“Oughtn’t we to discuss this with the others?” I said to Holmes in a low voice.
“Absolutely not,” muttered the Great Detective. “Such a move would alert them to the extent of our suspicions, including, of course, the mastermind who’s behind this whole thing. No, I have something quite different in mind.” He gave me a sharp look, his piggy little eyes boring into me. “But you have a question, Watson?”
“How on earth..?” I spluttered, struggling to maintain a calm exterior for the benefit of the others.
He smiled smugly. “For the past several minutes you have been picking at the edge of your waistcoat with your thumb and forefinger – an activity you engage in only when pondering a problem or unanswered question.”
I sniffed and shrugged as if his apparent mind-reading act had not in the least unsettled me. In fact, Sherlock’s ability to seemingly identify exactly what I’m thinking at any given moment never fails to amaze me. “Well,” I said, avoiding his gaze. “As it happens, I was pondering on the fact that as Doctor Armstrong’s place on the island was taken by me, whoever Armstrong was supposed to murder has not, and presumably, will not, be murdered.”
“Oh,” said Holmes, his mouth dropping open. “Bugger.”
“Hadn’t you thought of that, then, Sherl?” said Mary, giving me a wink.
“For once, Mrs Watson, your husband has the better of me.” He steepled his fingers and leaned his chin against them, eyes narrowed in thought.
“But the mastermind murderer will know that, anyway,” added Mary. “So…”
Holmes looked up abruptly. “Of course, and has no doubt made alternative plans.” His eyes slid across the faces of our companions – five now, not including ourselves. “I think we had better put my plan into action.” He gave me an odd look, the sort of mournful look a person might expect from a long-time acquaintance when lying on his deathbed. “I should be obliged if you would do the honours, John.”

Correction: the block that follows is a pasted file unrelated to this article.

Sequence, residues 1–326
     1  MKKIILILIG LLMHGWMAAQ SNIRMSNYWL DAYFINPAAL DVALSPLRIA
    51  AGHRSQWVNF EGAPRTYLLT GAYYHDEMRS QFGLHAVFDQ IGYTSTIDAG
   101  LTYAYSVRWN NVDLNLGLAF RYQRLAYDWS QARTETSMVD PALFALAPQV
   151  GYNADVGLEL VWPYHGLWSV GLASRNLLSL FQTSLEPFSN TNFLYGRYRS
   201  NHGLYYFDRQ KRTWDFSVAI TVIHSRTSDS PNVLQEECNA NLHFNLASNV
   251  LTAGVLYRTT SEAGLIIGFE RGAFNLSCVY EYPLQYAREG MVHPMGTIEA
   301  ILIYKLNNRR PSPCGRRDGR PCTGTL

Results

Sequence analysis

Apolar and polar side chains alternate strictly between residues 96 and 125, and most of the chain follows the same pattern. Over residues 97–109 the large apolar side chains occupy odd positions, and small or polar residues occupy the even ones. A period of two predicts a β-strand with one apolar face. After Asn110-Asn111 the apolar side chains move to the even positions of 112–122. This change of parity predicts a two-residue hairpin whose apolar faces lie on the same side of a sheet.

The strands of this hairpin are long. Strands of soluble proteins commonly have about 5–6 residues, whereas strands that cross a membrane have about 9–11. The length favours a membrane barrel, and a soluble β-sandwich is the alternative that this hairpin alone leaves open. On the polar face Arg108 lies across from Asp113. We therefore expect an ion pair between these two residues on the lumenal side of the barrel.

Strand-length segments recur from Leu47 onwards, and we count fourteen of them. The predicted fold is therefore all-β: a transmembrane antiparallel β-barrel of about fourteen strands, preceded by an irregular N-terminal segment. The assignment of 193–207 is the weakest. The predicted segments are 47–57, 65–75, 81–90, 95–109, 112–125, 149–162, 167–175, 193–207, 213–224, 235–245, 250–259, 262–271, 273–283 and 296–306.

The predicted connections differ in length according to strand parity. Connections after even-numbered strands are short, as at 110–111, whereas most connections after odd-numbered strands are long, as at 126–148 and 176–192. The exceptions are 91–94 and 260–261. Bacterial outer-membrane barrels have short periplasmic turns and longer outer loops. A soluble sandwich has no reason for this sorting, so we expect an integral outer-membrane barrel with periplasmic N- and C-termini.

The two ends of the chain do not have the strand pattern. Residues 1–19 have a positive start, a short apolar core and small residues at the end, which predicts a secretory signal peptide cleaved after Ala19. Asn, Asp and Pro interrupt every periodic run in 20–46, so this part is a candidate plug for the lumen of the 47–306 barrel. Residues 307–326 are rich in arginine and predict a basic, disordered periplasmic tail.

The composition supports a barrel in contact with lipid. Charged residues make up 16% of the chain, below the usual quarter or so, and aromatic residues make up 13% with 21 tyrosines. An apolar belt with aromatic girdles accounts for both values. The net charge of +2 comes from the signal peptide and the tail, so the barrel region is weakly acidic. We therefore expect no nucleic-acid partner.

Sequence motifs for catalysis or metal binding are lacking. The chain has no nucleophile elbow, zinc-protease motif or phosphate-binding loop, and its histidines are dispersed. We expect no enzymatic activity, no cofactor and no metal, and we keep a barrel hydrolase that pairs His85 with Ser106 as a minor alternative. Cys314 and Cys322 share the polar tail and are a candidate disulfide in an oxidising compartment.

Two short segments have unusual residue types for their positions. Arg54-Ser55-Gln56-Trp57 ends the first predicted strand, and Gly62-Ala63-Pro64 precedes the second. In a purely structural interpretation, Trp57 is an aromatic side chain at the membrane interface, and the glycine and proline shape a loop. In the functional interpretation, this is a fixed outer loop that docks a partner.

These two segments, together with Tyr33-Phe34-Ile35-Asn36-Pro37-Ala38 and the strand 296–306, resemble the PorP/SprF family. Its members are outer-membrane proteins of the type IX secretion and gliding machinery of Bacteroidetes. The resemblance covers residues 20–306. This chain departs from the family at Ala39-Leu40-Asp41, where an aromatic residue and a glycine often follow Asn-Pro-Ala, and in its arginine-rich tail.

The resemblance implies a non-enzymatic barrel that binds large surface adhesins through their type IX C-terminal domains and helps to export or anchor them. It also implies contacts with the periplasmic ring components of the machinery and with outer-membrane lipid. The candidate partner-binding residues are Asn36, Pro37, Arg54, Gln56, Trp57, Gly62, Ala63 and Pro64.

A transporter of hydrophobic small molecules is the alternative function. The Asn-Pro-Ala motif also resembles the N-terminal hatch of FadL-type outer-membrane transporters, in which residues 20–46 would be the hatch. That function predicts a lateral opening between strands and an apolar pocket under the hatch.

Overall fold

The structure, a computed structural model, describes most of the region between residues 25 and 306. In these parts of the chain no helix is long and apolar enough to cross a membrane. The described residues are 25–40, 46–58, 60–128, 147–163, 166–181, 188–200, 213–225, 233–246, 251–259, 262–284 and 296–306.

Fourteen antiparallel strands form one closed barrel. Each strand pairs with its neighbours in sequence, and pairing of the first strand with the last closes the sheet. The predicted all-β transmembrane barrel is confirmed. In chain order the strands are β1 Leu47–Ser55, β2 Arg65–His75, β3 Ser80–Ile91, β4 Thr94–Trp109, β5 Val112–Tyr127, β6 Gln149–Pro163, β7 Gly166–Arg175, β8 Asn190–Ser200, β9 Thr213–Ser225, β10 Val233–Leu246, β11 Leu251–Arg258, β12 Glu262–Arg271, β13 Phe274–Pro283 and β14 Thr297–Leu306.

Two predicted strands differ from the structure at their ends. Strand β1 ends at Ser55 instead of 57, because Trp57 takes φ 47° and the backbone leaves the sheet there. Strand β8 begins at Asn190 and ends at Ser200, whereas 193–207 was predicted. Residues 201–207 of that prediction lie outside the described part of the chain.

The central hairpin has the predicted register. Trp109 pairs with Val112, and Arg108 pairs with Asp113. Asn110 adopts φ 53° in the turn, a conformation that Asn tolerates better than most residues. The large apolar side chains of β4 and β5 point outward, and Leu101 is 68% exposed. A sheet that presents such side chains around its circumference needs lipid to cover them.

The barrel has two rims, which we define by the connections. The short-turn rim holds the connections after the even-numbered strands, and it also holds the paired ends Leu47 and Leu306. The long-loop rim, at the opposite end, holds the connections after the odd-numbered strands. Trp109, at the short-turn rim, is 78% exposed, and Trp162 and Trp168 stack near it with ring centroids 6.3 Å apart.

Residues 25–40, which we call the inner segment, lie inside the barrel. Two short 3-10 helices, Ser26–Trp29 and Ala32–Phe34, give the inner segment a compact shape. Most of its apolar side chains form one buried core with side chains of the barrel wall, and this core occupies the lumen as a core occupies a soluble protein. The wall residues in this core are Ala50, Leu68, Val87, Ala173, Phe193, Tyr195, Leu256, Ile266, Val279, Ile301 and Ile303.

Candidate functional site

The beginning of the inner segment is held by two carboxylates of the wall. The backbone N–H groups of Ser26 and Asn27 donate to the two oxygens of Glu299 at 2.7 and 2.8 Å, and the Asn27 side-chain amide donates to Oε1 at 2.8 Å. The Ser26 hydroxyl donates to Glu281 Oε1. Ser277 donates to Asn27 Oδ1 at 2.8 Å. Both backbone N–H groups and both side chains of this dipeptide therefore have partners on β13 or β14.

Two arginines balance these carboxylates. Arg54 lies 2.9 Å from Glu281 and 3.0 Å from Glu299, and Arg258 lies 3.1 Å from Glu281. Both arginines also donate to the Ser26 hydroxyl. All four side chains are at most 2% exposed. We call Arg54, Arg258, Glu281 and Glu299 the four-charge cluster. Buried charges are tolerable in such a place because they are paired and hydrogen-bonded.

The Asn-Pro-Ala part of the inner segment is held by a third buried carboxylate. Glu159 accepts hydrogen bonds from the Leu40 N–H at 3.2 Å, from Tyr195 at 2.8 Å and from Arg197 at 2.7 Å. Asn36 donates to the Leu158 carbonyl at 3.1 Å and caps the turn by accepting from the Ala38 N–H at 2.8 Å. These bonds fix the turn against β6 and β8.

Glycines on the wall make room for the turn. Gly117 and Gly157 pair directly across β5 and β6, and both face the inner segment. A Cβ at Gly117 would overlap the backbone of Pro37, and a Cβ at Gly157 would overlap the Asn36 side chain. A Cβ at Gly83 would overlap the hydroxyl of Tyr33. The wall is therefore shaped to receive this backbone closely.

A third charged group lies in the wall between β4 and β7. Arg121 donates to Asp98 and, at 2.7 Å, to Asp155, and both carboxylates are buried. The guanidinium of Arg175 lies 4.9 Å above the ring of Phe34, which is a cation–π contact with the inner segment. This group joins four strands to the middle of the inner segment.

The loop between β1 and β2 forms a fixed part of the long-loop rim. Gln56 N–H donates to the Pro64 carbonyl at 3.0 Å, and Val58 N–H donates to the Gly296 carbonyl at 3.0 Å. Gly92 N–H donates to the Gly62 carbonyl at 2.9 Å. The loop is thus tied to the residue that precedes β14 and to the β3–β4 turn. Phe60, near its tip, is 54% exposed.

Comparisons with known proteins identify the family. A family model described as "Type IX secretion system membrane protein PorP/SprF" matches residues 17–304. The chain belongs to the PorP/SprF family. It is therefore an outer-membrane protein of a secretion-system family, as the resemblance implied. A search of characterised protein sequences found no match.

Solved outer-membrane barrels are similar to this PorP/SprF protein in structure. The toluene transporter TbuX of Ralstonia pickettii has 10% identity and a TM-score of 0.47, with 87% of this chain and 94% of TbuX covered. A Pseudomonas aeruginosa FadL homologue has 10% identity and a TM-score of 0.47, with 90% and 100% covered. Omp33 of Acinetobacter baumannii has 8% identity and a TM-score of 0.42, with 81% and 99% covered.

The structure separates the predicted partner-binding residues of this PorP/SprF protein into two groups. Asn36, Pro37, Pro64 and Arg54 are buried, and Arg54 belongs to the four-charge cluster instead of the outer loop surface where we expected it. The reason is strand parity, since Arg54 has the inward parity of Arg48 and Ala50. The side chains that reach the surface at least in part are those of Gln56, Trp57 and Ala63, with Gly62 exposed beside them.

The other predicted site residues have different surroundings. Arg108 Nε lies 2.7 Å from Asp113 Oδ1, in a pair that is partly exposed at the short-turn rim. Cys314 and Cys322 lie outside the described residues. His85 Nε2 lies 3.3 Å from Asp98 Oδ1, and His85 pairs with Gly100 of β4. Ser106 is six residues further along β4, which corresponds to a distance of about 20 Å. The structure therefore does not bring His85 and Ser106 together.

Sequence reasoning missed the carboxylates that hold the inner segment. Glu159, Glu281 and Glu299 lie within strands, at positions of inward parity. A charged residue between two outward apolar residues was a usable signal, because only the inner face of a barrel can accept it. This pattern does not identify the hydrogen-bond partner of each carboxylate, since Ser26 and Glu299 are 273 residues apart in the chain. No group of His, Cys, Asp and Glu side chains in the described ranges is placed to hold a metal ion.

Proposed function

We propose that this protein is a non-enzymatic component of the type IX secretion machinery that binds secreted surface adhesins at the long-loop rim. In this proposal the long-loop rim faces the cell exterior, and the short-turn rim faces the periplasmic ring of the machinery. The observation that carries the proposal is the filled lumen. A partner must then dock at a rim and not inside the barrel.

“What are you talking about?” I said, striving to keep the anxiety out of my voice.
“As you so cleverly pointed out, old friend, apart from Mary and myself, who are somewhat superflous to the original guestlist, you – being a replacement for Armstrong – are the odd one out. If our killer’s real intention is to do away with the three of us, I suspect he or she will have bumped you up the list. To take Armstrong’s place in the order of…er…dead people.”
“D’you mean to say that the killer himself, or herself, is going to attempt to murder me?” I said, with a distinct absence of enthusiasm.
“Well, I would,” said Holmes.
“You surely don’t expect poor Johnny to wander off by himself and await his own execution?” said Mary.
“That is precisely what I expect, my dear, though of course you and I shall be on hand to nab the culprit before he or she strikes the fatal blow.” He took a moment to relight his Meerschaum and puffed away with an air of arrogant nonchalance.
I sighed. “Fine. Whatever.”
Mary touched my hand. “Don’t worry darling, I’m sure Holmes won’t throw you to the wolves.”
We spent the next few minutes going over Sherlock’s proposal. The whole thing sounded a little too opportunistic to me and I couldn’t imagine the killer would take the chance of getting away with another round of slaughter without first assessing the various permutations and possibilities from every angle. After all, each of the previous killings must have been carefully thought out first. Nevertheless, armed with my trusty revolver, I doubted anyone would get the better of me without at the very least incurring a substantial gunshot wound.
Holmes gave me a nod. I stood up and stretched, gazed around the garden and announced in a casual manner that I had a bit of a headache and was going for a lie down upstairs.
“Lie down?” said General MacArthur. “Bit of a chance, what? Likely get yourself killed.” He hmphed, sniffed and shook his head. “Please yourself.”
“I really don’t think that’s wise, Doctor,” said Vera Claymore. She glanced at her neighbour nervously. “Don’t you think, Mister Rogers?”
The butler had been gazing at the ground in front of his deck chair for the past few minutes. Now he looked up. “She’s dead.”
Vera leaned over and patted his hand. “She’s in a better place, though.”
Rogers sneered. “Fuckin jokin, aren’t yer? Better place? Tch.” He nudged her hand away and went back to staring at the lawn.
Miss Claymore gazed at me, her lower lip quivering, but she said nothing more.
“Well, I’ll see you all later,” I said. Then added, “I hope.”
As I walked across the lawn towards the house, I had the odd feeling I was being watched. Obviously, the seven people behind me would be watching, but this was different, and the awful thought that we may have seriously underestimated the killer’s strategy washed over me like a wave of sloppy shit. We had assumed all along that the mastermind behind all this was one of the people on the lawn, but what if it wasn’t? What if this was all down to someone who we had yet to meet, and who up until this point, had remained very much out of sight? In that case, I mused, we were in a rather perilous situation and I might very well be walking to my death.